Moscow - Russia began three days of mourning Thursday for the 43 people who died when a plane carrying an ice hockey team crashed near the central city of Yaroslavl on Wednesday.
Most of the victims were players or staff from the top-level professional ice hockey side Lokomotiv Yaroslavl. Eleven foreign nationals were among the dead, according to news reports.
The Soviet Yak-42 passenger plane taking off from an regional airport outside Yaroslavl failed to gain altitude on takeoff and clipped a runway antenna before crashing and breaking apart.
Rescuers had by dawn recovered all the bodies while doctors battled to save the lives of the only survivors. Flight engineer Aleksandr Sizov and Lokomotiv forward Aleksandr (Sanya) Galimov sustained extensive burns and other injuries and were in a critical condition, hospital officials said.
President Dmitry Medvedev on Thursday visited the crash site, some 250 kilometres northeast of Moscow, and laid red roses on the bank of a river. Russian television showed portions of the wreckage still visible in the water.
Fans in the city of Yaroslavl, meanwhile, had filled the entrance to the Lokomotiv ice hockey arena with flowers and candles.
A banner posted by fans read: 'Sanya, keep fighting! The country is with you!'
Investigators said the most likely cause of the crash appeared to be failure of one of the plane's engines after take off.
Authorities were searching for the plane's black boxes, or flight recorders, which are believed to be in a tributary of the Volga river, along with portions of the fuselage.
The Continental Hockey League, which is made up of Europe's strongest ice hockey clubs, among them Lokomotiv Yaroslavl, cancelled all matches planned for Thursday in honour of the victims.
YAROSLAVL, Russia (Reuters) - Candles flickered beside mounds of red carnations at the stadium of one of Russia's top ice hockey teams on Thursday after almost the entire team was wiped out in a plane crash that killed 43 people.
Fans and players across the world paid tribute to the Lokomotiv Yaroslavl team, the day after the Soviet-designed Yak-42 passenger plane slammed into a river bank just outside Yaroslavl, 250 km (150 miles) north of Moscow.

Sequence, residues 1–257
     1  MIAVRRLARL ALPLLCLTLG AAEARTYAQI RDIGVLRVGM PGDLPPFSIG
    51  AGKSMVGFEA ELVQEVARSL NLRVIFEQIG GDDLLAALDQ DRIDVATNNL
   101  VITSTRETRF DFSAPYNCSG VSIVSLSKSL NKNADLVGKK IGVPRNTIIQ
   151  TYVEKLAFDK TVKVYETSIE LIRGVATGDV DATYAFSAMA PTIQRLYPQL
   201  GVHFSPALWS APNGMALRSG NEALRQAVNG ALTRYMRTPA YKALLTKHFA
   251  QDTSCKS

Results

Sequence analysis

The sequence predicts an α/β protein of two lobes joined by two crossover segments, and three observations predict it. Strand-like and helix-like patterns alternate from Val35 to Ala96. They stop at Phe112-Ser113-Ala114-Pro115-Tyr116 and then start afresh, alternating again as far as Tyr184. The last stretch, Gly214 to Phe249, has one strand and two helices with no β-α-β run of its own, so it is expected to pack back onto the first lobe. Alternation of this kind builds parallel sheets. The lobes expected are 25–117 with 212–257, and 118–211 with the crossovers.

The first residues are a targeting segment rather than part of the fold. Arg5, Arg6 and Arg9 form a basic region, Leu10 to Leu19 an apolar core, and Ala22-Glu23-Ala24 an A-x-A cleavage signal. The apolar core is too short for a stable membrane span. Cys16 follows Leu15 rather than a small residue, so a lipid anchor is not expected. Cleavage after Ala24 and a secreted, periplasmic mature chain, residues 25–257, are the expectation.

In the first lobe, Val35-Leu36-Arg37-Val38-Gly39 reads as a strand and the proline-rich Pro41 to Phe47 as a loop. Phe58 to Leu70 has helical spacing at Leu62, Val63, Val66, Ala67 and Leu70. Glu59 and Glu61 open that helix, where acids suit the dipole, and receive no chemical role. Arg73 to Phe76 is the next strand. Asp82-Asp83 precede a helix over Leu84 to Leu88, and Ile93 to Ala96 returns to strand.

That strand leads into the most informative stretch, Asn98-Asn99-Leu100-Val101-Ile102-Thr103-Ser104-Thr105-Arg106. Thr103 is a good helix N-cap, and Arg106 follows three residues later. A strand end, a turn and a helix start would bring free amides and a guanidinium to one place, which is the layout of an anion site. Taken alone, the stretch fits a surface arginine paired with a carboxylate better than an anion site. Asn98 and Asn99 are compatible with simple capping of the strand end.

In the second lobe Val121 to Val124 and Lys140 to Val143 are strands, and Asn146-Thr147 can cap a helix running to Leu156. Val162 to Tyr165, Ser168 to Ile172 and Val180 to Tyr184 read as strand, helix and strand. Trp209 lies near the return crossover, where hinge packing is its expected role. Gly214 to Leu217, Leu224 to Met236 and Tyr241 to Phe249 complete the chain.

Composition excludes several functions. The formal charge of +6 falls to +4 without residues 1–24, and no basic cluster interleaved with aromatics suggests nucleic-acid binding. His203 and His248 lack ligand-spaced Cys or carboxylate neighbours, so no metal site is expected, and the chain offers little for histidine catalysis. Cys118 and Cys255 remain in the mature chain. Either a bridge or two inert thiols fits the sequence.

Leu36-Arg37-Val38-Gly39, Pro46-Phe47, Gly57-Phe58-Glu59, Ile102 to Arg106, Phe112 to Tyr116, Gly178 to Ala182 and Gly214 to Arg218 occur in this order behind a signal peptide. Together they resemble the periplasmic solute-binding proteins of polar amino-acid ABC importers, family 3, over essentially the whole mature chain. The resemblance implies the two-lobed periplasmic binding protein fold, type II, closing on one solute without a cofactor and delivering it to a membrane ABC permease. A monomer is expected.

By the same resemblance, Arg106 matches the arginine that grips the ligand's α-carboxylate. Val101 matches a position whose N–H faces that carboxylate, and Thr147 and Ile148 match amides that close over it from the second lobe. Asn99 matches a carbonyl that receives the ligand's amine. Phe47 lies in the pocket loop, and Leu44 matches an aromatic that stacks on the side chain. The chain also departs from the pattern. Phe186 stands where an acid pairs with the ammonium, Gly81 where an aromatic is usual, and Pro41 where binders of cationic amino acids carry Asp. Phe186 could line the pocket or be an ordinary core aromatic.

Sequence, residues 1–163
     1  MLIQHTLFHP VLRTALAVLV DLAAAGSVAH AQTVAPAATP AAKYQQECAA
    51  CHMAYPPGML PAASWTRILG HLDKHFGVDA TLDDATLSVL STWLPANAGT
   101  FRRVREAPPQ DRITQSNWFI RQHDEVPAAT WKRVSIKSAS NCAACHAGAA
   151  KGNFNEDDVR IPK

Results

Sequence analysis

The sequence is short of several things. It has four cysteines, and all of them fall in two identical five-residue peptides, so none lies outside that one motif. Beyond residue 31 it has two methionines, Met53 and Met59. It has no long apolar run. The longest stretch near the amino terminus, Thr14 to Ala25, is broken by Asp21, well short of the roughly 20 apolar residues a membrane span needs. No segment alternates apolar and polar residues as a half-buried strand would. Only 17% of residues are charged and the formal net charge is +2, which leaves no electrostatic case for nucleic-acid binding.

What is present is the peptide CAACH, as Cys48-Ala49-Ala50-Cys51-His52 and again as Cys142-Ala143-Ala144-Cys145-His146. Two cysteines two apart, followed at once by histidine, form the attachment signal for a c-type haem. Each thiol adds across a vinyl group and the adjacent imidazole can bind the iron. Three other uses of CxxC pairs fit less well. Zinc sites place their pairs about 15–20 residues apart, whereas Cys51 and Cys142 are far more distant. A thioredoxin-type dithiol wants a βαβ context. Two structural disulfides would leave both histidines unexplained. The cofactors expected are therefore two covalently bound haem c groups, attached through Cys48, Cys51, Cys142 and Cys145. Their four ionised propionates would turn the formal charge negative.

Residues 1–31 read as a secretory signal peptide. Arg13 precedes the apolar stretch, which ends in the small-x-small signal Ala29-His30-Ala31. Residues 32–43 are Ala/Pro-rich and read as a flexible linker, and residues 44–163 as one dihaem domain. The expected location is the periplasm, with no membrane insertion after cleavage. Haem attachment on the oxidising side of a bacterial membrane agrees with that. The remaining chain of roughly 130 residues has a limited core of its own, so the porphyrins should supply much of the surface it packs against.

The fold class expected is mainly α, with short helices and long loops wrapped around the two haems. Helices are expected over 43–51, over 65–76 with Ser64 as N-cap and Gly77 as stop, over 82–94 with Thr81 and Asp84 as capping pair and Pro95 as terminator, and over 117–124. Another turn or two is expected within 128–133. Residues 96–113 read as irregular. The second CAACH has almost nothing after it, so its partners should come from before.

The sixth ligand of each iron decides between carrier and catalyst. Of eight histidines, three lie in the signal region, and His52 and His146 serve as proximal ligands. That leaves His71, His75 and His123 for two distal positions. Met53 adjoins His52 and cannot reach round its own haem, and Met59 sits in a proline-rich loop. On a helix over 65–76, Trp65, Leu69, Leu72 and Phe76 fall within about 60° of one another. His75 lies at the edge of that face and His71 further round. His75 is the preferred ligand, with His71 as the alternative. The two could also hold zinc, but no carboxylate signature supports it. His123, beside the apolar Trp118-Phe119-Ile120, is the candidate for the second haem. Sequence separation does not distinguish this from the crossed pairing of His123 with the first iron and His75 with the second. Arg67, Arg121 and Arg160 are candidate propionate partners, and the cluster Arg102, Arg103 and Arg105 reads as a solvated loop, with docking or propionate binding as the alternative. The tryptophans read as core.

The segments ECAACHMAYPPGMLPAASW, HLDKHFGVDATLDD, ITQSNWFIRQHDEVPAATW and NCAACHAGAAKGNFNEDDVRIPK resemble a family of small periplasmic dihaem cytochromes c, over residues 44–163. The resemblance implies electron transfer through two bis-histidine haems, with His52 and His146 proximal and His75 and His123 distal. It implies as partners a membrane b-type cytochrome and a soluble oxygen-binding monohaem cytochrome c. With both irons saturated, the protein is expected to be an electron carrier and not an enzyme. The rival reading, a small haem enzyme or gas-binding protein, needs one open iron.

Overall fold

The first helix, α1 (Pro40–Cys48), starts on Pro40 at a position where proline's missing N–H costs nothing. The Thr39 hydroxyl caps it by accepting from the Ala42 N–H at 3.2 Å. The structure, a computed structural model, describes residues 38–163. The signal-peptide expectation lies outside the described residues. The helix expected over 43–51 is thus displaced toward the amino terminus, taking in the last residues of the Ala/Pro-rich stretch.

Many fans flocked to the stadium soon after the crash and left team scarves as well as flowers beside the stadium wall. Some were in tears. Others chanted the names of the players before going home late on Wednesday evening.
"Tears on the ice," Russia's popular Tvoi Den newspaper said on its front page under a picture of the squad on the ice. "Yet another terrible air crash has shaken Russia," it said.
Russian President Dmitry Medvedev, who was due to speak on Thursday at a political conference taking place at the club's stadium, expressed condolences to the relatives of the victims.
"Lokomotiv fans are grieving, the whole country is grieving," said Medvedev, who was expected to visit the crash site.
Condolences also poured in from abroad after the crash, which raised concerns about the safety of Russia's ageing fleet of passenger planes.
International Ice Hockey Federation President Rene Fasel sent his condolences from the global ice hockey community and Russia's Kommersant-FM radio station said players from other hockey teams were offering to help rebuild the team.
Only one of the 37 players and team officials on board survived the disaster, reviving memories of a plane crash in 1958 which killed many of English soccer club Manchester United's players.
Emergency workers quoted by Russian news agencies said they were still searching the waters of the Volga River where the plane crashed.
Two people survived but were in a grave condition.
The player who survived was offenseman Alexander Galimov, who hospital doctors said had burns over 90 percent of his body. The other survivor, one of the eight crew on board, was also in critical condition.
Lokomotiv's squad includes players and coaches from several countries -- among them Czech Republic, Slovakia, Sweden, Germany and Canada.
Witnesses including fishermen on the Volga River said they heard loud bangs as the plane crashed into the ground, bursting into flames, soon after take off.
Russian investigators said they believed the crash was caused either by faulty equipment or pilot error, although weather conditions were excellent.
The team has been on its way to a match in Minsk, the capital of Belarus.
Technical failure, pilot error most likely theories behind Yak-42 crash near Yaroslavl
Today at 10:44 | Interfax-Ukraine
No traces of explosives have been found at the site where a Yakovlev Yak-42 passenger airplane crashed on Wednesday, Russian Investigative Committee spokesman Vladimir Markin told Interfax.
"Investigators are looking into all of the possible theories behind what happened. However, the most likely theories are a technical malfunction or pilot error," Markin said.
It has also been established that the airplane was performing a charter flight, and it took off from the airport's singe runway according to the schedule, he said.
Fifty-four investigators, criminologists and specialists from the Investigative Committee's central office, as well as its territorial branches and transport investigative departments are currently working at the site.
Investigative Committee deputy director Vasily Piskarev is coordinating their work.